Decrypt All Folders Option, support alternate scheduling options

Jul 11, 2007 at 8:29 PM
I also think you should add a Decrypt All Folders GPO option, it should probably be added to the reporting or some other option so you couldn’t have a combination of Encrypt and Decrypt folders together. Or you could have some option in reporting mode that says “Report and Decrypt All Files & Folders” or “Report Only”.

If a computer is having trouble they could be moved into an OU with this policy set to decrypt all folders which would run the appropriate cipher command to decrypt the files. This way the system doesn’t need to be touched by script, remote access or sneakernet.
Coordinator
Jul 19, 2007 at 12:11 AM
Edited Jul 19, 2007 at 12:16 AM
I want to call attention to the overlap between this request and the proposed Feature here:
http://www.codeplex.com/EFSAssistant/WorkItem/View.aspx?WorkItemId=250

In both of these cases, we're talking about providing a run-time control that would reverse encryption that the organization tried to enforce through centralized policy (which is the capability lacking in EFS for which the EFS Assistant was created in the first place). However, there is a conflict in the customer requirements that I've never been able to resolve.

One of the primary requirements expressed to us in our original customer research (as well as years of experience consulting with Microsoft customers who have tried to deploy EFS) was that customers need a way to enforce encryption of as much sensitive data as possible, such that (a) it's as easy as possible to encrypt all sensitive data on the target systems (i.e. laptops) and (b) make it as difficult as possible for someone to circumvent the encryption policy the organization is trying to enforce.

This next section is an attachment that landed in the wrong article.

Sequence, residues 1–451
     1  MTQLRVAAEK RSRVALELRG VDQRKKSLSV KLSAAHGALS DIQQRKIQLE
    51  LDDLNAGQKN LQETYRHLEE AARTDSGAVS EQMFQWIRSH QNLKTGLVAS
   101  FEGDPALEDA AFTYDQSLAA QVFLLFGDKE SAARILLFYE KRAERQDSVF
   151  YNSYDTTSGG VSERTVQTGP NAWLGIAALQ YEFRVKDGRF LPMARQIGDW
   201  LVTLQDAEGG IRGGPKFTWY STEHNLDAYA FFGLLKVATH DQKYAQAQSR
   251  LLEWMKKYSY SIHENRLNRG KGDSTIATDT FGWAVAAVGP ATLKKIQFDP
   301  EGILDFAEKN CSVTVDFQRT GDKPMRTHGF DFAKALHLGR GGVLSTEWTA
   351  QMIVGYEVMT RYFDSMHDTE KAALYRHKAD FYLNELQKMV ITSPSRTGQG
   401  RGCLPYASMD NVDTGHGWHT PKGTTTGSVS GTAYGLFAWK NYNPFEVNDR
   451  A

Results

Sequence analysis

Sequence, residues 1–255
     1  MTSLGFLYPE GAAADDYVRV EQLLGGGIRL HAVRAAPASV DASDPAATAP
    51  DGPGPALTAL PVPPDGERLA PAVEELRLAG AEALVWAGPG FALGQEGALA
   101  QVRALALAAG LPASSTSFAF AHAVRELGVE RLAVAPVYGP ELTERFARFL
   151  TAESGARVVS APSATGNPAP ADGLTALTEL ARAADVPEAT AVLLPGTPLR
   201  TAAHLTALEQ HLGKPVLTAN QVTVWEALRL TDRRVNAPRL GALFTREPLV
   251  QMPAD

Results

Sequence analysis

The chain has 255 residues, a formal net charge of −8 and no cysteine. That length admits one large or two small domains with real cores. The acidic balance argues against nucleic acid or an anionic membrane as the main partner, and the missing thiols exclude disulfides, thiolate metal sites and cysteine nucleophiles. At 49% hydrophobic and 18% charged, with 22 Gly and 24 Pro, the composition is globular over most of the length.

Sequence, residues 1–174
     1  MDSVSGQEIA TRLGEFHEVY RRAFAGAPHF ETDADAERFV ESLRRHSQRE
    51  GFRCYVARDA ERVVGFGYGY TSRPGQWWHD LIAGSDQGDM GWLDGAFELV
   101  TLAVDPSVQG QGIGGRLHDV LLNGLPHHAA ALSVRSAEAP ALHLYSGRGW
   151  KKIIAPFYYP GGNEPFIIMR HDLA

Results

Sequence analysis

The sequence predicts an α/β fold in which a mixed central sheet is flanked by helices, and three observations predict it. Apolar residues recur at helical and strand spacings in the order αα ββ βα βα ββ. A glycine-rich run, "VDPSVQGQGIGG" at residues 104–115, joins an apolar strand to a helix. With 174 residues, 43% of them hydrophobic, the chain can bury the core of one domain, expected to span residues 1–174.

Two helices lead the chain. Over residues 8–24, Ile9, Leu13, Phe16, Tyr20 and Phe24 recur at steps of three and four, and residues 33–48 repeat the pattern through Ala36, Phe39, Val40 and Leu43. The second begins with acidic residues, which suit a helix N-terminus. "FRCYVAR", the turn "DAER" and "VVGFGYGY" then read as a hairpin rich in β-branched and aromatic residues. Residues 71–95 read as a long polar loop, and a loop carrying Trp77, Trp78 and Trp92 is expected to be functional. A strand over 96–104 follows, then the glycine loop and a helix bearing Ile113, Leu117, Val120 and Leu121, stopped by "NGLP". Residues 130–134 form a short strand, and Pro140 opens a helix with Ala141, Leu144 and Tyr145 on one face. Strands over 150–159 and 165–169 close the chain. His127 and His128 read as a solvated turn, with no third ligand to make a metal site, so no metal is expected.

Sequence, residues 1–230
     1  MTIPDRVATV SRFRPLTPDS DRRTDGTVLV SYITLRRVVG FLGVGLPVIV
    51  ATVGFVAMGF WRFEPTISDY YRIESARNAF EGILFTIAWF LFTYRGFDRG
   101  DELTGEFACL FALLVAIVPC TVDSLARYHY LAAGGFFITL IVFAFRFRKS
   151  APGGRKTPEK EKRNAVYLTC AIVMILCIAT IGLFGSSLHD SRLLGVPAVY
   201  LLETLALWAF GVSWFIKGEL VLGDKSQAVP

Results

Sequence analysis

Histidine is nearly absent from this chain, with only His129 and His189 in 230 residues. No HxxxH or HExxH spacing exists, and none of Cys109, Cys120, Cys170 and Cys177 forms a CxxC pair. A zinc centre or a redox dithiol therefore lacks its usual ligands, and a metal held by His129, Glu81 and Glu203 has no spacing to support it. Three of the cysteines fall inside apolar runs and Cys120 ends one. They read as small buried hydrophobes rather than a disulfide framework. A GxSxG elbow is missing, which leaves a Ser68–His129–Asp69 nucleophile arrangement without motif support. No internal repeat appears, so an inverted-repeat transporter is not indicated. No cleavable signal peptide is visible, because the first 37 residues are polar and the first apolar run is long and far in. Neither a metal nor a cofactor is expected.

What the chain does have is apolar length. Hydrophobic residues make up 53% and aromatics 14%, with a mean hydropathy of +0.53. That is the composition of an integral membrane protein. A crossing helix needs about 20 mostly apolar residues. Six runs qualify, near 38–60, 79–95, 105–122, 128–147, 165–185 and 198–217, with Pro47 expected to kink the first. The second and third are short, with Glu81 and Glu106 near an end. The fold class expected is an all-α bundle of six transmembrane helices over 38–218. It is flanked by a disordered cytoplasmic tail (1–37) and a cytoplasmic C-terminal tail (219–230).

Whether it's frequent or not, there are many customers who'd expressed the concern that "it's too easy for an end user to decrypt data that was once encrypted using EFS - and that this leaves us exposed to regulatory liability." In other words, they're concerned that if and when they had to appear before a judge, and that judge asked them, "Have you taken all reasonable measures to ensure the sensitive data was encrypted on the lost/stolen device in question?", that they wouldn't feel comfortable answering "Yes" unless they could tip the balance in EFS towards the organization's policy.

(Yes, while it would still be possible for an end user to decrypt the data files manually using CIPHER or Windows Explorer, the intent would be that EFS Assistant would always re-encrypt the targeted folders, each time EFS Assistant ran.)

If I assume this requirement still stands for the customers for whom EFS Assistant was intended (i.e. larger organizations), then can anyone suggest how we might meet the goals of (a) and (b) and implement conditional support for the feature described above?